Home health poised for steady growth, recent report predicts


HHBR Washington Correspondent

Last year, revenues for the home health industry were roughly $42.4 billion with the vast majority of that – $40.4 billion – for labor/nursing services and the remaining $2 billion for devices used in the home care environment, according to a report just released by the market research firm Frost & Sullivan (Mountain View, CA).

The firm predicts steady 5% growth over the next five years, driving total revenues to $44.6 billion this year and $54.3 billion in 2004. After that, the firm predicts that growth will accelerate to 9%, to $59.1 billion and $64.3, in 2005 and 2006, respectively. According to Frost & Sullivan, the four main revenue-generating segments of the home care industry are all projected to experience consistent sustained growth, but at somewhat different rates.

Home care respiratory products

Total revenue for home care respiratory products last year was pegged at $609 million, according to the report, but that is expected to grow at a compounded rate of 8.4%. Frost & Sullivan says three major factors will drive growth in this market segment: an aging population causing an increasing incidence of respiratory disorders, more aggressive medical treatments creating higher incidence of respiratory failure, and increased portability of devices allowing wider applications.

Meanwhile, Frost & Sullivan predicts that three factors will restrain growth: cuts in oxygen reimbursement reducing demand for therapy devices, an unclear ruling on new criteria for reimbursement creating confusion among suppliers, and a focus on disease prevention that might reduce incidence of respiratory disease in future populations.

Home health infusion pumps market

Total revenues in the home health infusion pumps market in 1999 were estimated at $195 billion, according to the report, and a compound growth rate of 9.9% is expected through 2006.

Frost & Sullivan says three major factors will drive growth in this market segment, including an expansion of the pain management market, which will help drive home health infusion therapy; the penetration rate for insulin infusion pumps that will encourage market growth; and advances in telemedicine, which will enable the provision of care outside of hospitals.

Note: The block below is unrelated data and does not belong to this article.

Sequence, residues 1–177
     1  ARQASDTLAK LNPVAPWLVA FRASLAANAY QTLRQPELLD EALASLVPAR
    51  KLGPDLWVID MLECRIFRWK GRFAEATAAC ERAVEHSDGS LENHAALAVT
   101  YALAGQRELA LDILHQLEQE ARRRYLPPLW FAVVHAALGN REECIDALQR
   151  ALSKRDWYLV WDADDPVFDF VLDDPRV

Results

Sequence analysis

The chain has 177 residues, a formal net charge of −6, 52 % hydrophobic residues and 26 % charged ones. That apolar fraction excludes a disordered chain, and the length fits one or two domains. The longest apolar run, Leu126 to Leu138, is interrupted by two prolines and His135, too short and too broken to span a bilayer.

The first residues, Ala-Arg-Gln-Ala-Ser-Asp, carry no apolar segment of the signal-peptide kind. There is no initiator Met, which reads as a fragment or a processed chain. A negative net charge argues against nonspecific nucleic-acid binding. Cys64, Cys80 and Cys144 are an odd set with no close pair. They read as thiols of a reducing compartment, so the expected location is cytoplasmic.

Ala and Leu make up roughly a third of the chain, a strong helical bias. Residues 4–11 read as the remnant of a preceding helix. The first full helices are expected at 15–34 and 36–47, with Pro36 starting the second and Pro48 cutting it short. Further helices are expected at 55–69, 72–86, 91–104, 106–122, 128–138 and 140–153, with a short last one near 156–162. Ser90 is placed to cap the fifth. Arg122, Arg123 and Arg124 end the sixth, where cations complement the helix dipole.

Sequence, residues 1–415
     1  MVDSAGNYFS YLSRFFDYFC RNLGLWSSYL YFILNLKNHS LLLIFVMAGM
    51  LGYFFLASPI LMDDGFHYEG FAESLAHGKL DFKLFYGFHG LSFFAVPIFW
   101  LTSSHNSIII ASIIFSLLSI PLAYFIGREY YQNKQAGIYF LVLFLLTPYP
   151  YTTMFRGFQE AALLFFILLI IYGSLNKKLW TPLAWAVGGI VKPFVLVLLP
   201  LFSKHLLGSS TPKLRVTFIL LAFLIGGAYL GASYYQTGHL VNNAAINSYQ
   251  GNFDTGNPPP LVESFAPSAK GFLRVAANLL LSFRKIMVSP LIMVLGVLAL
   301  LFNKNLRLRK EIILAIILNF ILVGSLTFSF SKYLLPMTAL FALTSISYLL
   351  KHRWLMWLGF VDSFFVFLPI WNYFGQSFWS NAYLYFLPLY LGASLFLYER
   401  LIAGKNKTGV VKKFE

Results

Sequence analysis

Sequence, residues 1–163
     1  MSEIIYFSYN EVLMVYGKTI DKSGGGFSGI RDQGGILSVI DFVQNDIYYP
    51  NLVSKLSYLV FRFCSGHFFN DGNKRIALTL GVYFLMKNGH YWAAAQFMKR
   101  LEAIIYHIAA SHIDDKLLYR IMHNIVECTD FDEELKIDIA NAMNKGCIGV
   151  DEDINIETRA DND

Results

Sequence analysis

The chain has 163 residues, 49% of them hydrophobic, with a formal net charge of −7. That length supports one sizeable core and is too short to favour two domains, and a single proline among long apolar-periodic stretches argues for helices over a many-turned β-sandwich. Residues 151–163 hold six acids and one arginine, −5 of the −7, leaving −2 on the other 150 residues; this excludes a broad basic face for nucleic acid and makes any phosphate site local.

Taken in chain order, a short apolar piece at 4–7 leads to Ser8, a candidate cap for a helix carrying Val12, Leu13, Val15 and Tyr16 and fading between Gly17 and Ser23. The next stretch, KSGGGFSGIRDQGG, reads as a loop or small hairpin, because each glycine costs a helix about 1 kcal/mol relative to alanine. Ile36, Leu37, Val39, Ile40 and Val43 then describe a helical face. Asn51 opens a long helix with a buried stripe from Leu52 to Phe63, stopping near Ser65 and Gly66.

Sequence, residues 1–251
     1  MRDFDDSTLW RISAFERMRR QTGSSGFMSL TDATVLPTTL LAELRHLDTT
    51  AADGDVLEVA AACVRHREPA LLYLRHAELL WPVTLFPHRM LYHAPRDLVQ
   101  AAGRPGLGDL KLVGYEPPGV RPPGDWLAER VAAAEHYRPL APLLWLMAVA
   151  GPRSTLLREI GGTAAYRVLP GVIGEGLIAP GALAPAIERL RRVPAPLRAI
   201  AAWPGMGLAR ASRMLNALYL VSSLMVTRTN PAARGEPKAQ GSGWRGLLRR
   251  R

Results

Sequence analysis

At the same time, the firm predicts the following three factors will restrain this growth: unfavorable reimbursement conditions that will discourage patients from using home health infusion therapy, safety concerns that will require additional investment in product development, and institutional pressure to cut costs that will have a negative impact on sales.

Home durable medical equipment

Total revenues in the home health durable medical equipment market last year were roughly $1.2 billion, and Frost & Sullivan predicts the compound annual growth rate in this segment is expected to be 7.3% through 2006.

The firm says the three major factors that will drive growth in this market segment include shorter lengths of stay in acute care facilities, more geriatric patients being cared for at home, and a growing need for cost-effective therapies.

Meanwhile, Frost & Sullivan predicts the following three factors will restrain growth in the area of DME: reimbursement cuts resulting from the Balanced Budget Act of 1997, fierce price competition between product manufacturers, and repairs and replacement parts that will stunt growth on new devices.

For more information about the report, contact Frost & Sullivan’s Nick Mariottini at 530/894/2136 or nmariattini@frost.com.